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11/04/2003 Archived Entry: "Media blackout"

The media continues its blackout on wounded American soldiers and on the ones who are not so "lucky" -- the ones returning to their broken-hearted families in body bags. Oops...returning in "transfer tubes." That's how desperate the Bush administration is to hide the bodies of Americans who die making Iraq safe for Halliburton's profits; there are no more "body bags," only "transfer tubes." And, if you want to read how Americans like Charles H. Buehring finally came home you have to read independent or foreign new sources, like the Toronto Star. It reports on Buehring: "He arrived at the air force base in Dover, Del., in the middle of the night, in an aluminum shipping case draped in an American flag....America never saw Lt.-Col. Buehring's arrival, days after a rocket from a homemade launcher ended his life at age 40 in Baghdad's heavily fortified Rasheed Hotel last Monday. Americans have never seen any of the other 359 bodies returning from Iraq. Nor do they see the wounded cramming the Walter Reed Army Medical Centre in Washington or soldiers who say they are being treated inhumanely awaiting medical treatment at Fort Stewart, Ga. In order to continue to sell an increasingly unpopular Iraqi invasion to the American people, President George W. Bush's administration sweeps the messy parts of war the grieving families, the flag-draped coffins, the soldiers who have lost limbs into a far corner of the nation's attic. No television cameras are allowed at Dover. Bush does not attend the funerals of soldiers who gave their lives in his war on terrorism. Buehring of Winter Springs, Fla., described as "a great American" by his commanding officer, had two sons, 12 and 9, was active in the Boy Scouts and his church and had served his country for 18 years. No government official has said a word publicly about him."

Traditionally, American war-dead have been honored with ceremony; their families have been "comforted" by officials, both military and political. Now the dead are hidden, like embarrassments, in order for the Bush administration to continue passing the "Dover test" -- shorthand for the American public's tolerance for wartime fatalities. What the public doesn't see, doesn't exist...or, at least, it doesn't have emotional impact. The cold-hearted armchair-warriors who send young men and women to die in a godforsaken desert certainly don't suffer from emotional backlash because of their unique access to information about the wounded. As Bridget Gibson explains, "It is taking an act of Congress to stop the Pentagon from charging our wounded military $8.10 a day for their meals while they are hospitalized. Will it take another to supply the toilet paper that must be bought during their incapacitation also?"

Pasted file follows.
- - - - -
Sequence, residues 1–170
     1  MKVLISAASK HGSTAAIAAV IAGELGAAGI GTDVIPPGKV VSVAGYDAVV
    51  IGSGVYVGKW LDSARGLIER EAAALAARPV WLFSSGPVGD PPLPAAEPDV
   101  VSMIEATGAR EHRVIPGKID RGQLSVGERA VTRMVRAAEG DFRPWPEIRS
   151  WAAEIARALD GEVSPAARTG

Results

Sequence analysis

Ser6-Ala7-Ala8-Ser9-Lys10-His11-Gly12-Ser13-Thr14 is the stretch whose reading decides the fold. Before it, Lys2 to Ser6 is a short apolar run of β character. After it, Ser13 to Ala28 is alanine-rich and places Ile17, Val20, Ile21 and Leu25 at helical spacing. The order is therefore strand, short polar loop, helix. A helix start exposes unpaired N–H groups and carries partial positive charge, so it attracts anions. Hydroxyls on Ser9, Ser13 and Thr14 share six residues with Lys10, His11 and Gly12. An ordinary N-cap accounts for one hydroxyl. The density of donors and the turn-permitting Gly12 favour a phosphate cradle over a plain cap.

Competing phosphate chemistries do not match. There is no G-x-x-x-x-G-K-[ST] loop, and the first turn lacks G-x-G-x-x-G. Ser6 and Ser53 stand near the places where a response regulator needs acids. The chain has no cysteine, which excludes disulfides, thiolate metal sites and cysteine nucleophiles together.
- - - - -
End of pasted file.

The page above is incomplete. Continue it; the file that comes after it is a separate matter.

The only way to learn about the dead and wounded from mainstream sources is to read between the lines. For example, the Associated Press reports: "A new, $30 million military mortuary was dedicated at Dover Air Force Base on Monday, a gleaming, brightly lit, state-of-the-art facility....The new mortuary was built with efficiency in mind. Air flowing through its ventilation system is turned over 15 times an hour to ensure that odors and chemical fumes don't cause problems for workers. It has almost 200 linked computer stations, about 10 times the number of computers at the old facility....The new mortuary has rack storage for 380 caskets and is equipped with 24 autopsy/embalming stations, compared to four permanent stations at the old facility."

BTW, the casualty figures do not include American civilians -- the "contractors" who now abound in Iraq. As Mother Jones comments, "Contractors' deaths aren't counted among the tally of more than 350 U.S. soldiers killed in Iraq. No one is sure how many private workers have been killed, or, indeed, even how many are toiling in Iraq for the U.S. government. Estimates range from under 10,000 to more than 20,000 - which could make private contractors the largest U.S. coalition partner ahead of Britain's 11,000 troops."

And, in case people believe I am overblowing the angle of "profits for Halliburton" (and other war profiteers), consider merely one news item: "House Nixes Anti-Profiteering Penalties in Iraq Spending Bill." The report reads, "The final version of the $87 billion spending bill for Iraq and Afghanistan is missing provisions the Senate had passed to penalize war profiteers who defraud American taxpayers. House negotiators on the package refused to accept the Senate provisions. 'Congress is about to send billions and billions of dollars to a place where there is no functioning government, under a plan with too little accountability and too few financial controls,' said Sen. Patrick Leahy (D-Vt.) 'That's a formula for mischief. We need strong disincentives for those who would defraud taxpayers, and removing this protection is another major blot on this bill'." And the Bush administration refused to accept the $87 billion unless anti-fraud provisions were removed. Like I said...making the world safe for Halliburton et. al.

I promise a happier blog tomorrow, filled with movie reviews rather than transfer tubes.

Best to all,
mac

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